Letter to the Editor

Authors


Diagnostic PCR: making internal amplification control mandatory

The explosive increase since the beginning of the 1990s in the number of publications reporting PCR-based methods for detection or molecular typing of foodborne pathogens has attracted the attention of end-user laboratories.

However, the well-recognized difficulties in reproducing published tests because of variation in performance of PCR thermal cyclers (Schoder et al. 2003), in efficiency of different DNA polymerases, and in the presence of PCR inhibitors in the sample matrix, have hampered implementation in end-user laboratories. This particularly applies to laboratories with quality-assurance programmes.

It is necessary to have PCR-based methods available as internationally recognized standards (Hoorfar and Cook 2002). Currently, lack of international standards often forces end-user laboratories to spend substantial resources on adaptation of the published tests. Although many commercial PCR kits are available, it is important that end-users and reference laboratories have access to open-formula, noncommercial and nonproprietary PCRs in which the information on target gene and reagents are fully available.

The prerequisite for a PCR, published in the scientific literature, to be adopted as a standard is that it has to be nonproprietary, and to have been validated through multicentre collaborative trial according to the international criteria (Anon. 2001, 2002a; Hoorfar and Cook 2002). Multicentre trial validation of noncommercial PCRs for detection of zoonotic pathogens has been performed by a European validation and standardization project (FOOD-PCR: http://www.pcr.dk) involving 35 laboratories from 21 countries (Hoorfar 1999; Malorny et al. 2003).

A major drawback of most published PCRs, surprisingly even to date, is that they do not contain an internal amplification control (IAC). An IAC is a nontarget DNA sequence present in the same sample reaction tube, which is co-amplified simultaneously with the target sequence. In a PCR without an IAC, a negative response (no band or signal) can mean that there was no target sequence present in the reaction. But, it could also mean that the reaction was inhibited, as a result of malfunction of thermal cycler, incorrect PCR mixture, poor polymerase activity and, not least, the presence of inhibitory substances in the sample matrix. Conversely, in a PCR with an IAC, a control signal will always be produced when there is no target sequence present. When neither IAC signal nor target signal is produced, the PCR reaction fails. Thus, when using a PCR-based method in routine analysis, an IAC, if the concentration adjusted correctly, will indicate false-negative results. It is the false-negative results that turn a risk into a threat for the population, whereas a false-positive result merely leads to a clarification of the presumptive results by re-testing the sample.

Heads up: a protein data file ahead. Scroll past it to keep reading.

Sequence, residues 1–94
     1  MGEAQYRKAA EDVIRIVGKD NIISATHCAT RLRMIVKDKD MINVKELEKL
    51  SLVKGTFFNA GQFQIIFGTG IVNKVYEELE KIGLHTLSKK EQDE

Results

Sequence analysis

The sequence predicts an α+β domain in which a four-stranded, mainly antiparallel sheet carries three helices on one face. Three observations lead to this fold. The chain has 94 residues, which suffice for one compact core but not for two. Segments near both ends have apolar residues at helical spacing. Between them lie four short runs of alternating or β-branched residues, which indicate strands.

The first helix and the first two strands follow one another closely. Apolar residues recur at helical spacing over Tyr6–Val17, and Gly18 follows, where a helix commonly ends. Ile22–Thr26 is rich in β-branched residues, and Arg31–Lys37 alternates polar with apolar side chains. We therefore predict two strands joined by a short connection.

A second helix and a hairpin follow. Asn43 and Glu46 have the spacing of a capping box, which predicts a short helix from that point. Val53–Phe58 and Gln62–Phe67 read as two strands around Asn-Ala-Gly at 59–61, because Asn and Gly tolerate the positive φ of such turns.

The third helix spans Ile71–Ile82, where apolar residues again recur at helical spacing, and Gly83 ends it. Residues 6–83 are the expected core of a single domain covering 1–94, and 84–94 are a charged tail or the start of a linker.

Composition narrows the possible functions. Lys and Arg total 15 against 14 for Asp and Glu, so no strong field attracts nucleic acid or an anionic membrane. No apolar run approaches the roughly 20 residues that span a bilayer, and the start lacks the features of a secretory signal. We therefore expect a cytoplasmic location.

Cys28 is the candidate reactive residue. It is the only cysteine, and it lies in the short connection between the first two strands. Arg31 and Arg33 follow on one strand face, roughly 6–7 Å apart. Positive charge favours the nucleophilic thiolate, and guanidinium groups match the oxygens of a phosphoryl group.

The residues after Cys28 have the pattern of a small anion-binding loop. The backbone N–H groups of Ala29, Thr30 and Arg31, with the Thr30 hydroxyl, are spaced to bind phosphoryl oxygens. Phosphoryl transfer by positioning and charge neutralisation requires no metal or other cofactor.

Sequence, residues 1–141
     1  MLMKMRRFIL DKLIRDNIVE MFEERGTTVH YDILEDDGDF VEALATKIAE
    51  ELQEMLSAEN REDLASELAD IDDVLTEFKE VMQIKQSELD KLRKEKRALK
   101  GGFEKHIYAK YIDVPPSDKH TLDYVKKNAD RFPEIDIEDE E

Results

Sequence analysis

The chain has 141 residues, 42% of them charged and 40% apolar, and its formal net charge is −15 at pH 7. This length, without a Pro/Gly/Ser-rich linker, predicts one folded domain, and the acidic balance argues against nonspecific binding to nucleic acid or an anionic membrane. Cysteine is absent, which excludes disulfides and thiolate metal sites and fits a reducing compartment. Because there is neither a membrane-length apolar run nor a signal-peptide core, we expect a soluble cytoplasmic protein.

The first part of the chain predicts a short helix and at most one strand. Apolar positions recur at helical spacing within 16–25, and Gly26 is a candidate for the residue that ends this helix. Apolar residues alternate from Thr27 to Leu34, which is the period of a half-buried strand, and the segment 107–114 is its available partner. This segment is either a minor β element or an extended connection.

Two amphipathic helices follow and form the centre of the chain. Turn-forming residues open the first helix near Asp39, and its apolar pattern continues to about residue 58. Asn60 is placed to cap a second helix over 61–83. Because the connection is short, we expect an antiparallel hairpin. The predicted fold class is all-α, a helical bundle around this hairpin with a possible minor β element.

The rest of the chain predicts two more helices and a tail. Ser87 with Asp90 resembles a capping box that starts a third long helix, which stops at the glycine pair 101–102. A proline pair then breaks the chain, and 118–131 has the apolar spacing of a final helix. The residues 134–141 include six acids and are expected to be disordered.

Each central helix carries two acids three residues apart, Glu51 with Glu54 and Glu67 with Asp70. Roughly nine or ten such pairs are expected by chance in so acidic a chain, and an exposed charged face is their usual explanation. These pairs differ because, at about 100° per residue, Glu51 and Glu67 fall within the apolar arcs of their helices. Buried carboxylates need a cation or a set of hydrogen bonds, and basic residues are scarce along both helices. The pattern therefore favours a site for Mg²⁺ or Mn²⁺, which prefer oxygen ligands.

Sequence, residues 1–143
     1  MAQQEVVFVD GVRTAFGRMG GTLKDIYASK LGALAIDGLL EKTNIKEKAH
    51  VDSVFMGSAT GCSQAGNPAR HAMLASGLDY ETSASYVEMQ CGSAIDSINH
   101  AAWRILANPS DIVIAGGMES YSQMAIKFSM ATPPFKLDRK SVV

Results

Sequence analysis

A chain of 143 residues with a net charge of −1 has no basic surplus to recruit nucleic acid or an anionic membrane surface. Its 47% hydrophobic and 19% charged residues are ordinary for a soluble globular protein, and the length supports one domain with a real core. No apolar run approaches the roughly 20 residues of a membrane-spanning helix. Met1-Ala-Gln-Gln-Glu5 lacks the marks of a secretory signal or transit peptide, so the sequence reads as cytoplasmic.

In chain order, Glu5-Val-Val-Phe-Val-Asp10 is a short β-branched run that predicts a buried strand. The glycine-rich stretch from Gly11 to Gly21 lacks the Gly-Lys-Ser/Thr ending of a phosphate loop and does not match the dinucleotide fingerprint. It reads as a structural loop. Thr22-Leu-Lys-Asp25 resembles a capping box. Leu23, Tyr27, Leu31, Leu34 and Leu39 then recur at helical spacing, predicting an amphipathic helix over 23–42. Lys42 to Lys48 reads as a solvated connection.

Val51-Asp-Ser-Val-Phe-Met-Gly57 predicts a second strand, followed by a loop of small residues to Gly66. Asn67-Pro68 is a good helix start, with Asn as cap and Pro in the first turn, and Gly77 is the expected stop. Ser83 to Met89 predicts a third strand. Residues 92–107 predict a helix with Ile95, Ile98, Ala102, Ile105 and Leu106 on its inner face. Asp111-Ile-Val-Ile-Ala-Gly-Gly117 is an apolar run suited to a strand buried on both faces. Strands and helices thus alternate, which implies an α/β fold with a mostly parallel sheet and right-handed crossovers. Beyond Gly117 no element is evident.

The European Standardization Committee (CEN), in collaboration with International Standard Organization (ISO) has proposed a general guideline for PCR testing that requires the presence of IAC in the reaction mixture (Anon. 2002b). Therefore, only IAC-containing PCRs may undergo multicentre collaborative trials, which is a prerequisite for standardization.

Scientific journals must provide the source of new PCR-based methods suitable for standardization. Therefore, we propose that henceforward the editorial boards of applied microbiology journals require inclusion of an IAC in diagnostic PCR reported in submitted manuscripts. This could be performed by providing a specific section devoted to PCR in their Instruction to Authors.

Ancillary

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